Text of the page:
Deliciously Dark Short Stories

Sometimes with short stories, as with chocolate, you crave something deliciously dark with the barest hint of sweetness. In that case, you’ve come to the right post. Here are a few dark – but not bleak – tales for your consideration.

“The Green Woman” by Meghan B. Collins is narrated by a single woman who lives beyond the edge of a small village, to whom visitors come almost entirely after nightfall, for they do not wish everybody to know that they need to consult a witch. That dangerous title is not one the protagonist considers accurate, however; her ability to heal, to bring life, or to end it, is founded not on arcane secrets but on careful observation of the virtues of plants – root and leaf, hung to dry or compounded wet, harvested at the right cycles of the moon. Almost the sole visitor who arrives by daylight is the local priest, who finds in her an educated and sympathetic companion, and who is concerned for her body’s welfare as well as that of her soul, until the day the wife of the local lord comes by with a very delicate problem, and with certain potent threats should the desired solution not be attained.

I thought this story did particularly well at creating a protagonist with a personal history that is both part of the wider community’s history, and outside of it. Her memories of her mother and grandmother and the precarious continuity of their line are depicted delicately, as are her current relationships, both platonic (the priest) and romantic/sexual. The protagonist is a complex character motivated by several concerns, and deeply aware of what she stands to lose. The final lines are particularly exquisite.

“Wolfland” by Tanith Lee is very Tanith Lee – there are layers of meaning and (non)understanding woven into characters and events. This tale features a young, spoiled heiress who has been summoned by her grandmother, Anna the Matriarch, away from town during the social season. Our protagonist is not pleased, but knows better than to risk her inheritance. Themes of cruelty, violence, survival, revenge, and the terrible beauty of wilderness and wildness make this a haunting recreation. If you like Tanith Lee’s works, don’t miss this one; if you haven’t read much of or don’t admire her bloodier stories, this is a good (re)introduction.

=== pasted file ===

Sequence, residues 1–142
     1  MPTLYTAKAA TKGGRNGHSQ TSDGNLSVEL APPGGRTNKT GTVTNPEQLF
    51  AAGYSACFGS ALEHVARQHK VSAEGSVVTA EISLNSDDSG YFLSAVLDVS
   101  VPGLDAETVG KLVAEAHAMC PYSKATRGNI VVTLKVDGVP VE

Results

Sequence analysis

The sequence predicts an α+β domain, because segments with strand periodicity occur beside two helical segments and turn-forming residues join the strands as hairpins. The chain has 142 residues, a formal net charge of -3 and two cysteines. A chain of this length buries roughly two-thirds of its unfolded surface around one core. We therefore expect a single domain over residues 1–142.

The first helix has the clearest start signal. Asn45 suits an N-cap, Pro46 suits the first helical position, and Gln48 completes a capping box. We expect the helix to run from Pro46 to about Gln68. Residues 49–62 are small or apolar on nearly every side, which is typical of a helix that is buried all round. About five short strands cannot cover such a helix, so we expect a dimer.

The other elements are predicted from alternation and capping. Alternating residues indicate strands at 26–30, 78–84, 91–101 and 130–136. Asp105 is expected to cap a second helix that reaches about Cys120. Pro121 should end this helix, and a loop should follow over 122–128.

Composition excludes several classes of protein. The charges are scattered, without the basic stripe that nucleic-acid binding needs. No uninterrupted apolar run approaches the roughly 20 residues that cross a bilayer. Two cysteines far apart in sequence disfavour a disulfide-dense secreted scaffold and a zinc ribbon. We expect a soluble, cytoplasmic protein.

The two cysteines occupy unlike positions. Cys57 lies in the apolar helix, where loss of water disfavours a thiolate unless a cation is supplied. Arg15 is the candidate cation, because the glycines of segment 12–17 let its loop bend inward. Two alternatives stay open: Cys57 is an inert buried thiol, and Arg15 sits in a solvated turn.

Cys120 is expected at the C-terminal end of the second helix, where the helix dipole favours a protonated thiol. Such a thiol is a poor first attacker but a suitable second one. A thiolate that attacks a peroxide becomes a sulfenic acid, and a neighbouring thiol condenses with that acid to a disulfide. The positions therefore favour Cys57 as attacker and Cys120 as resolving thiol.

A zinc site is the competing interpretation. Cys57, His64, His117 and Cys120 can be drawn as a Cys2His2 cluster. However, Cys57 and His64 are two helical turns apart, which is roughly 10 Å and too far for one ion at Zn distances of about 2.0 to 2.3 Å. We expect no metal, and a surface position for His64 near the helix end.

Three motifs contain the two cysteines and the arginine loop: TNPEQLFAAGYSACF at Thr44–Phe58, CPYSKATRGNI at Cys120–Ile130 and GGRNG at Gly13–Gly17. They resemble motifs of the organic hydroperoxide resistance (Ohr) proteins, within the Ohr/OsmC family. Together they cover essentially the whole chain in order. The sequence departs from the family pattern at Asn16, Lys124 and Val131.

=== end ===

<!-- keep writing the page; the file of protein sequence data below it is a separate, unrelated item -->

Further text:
“Faith” by Sherwood Smith has a younger protagonist and smaller, but no less important, stakes. When Fay (short for Faith) comes to school claiming that her dog talks, even her best friends don’t believe her. Why would they? Fay has told tall tales all her life, and mostly they’ve gone along, but now their bully of a principal has it out for Fay. Narrated by one of those two best friends, this is a beautiful, slightly gritty tale of poverty, wealth, and friendship.

Rapunzel” by Sara Henderson Hay is not a short story, but I found it in an anthology* and it is so lovely and so dark that I will recommend it here. Seriously, I have part of it memorized already and want to learn the whole. Rapunzel tells her story, or just enough of it, in tantalizing and achingly eloquent few lines.

 Rapunzel

(I’m not sure how to cite this. I found it here, which reposted it. Before that I don’t know where it came from. Apologies to owner for any infringement; let me know and I’ll update the info or remove.)

*”The Green Woman,” “Wolfland,” and “Rapunzel” have been published in Don’t Bet on the Prince, ed. Jack Zipes. I have mixed reactions to the essays, but the tales, for the most part, are excellent. “Faith” can be found in “A Wizard’s Dozen,” ed. Michael Stearns.

 

J.K. Rowling's Torturous Short Stories

J.K. Rowling's Torturous Short Stories

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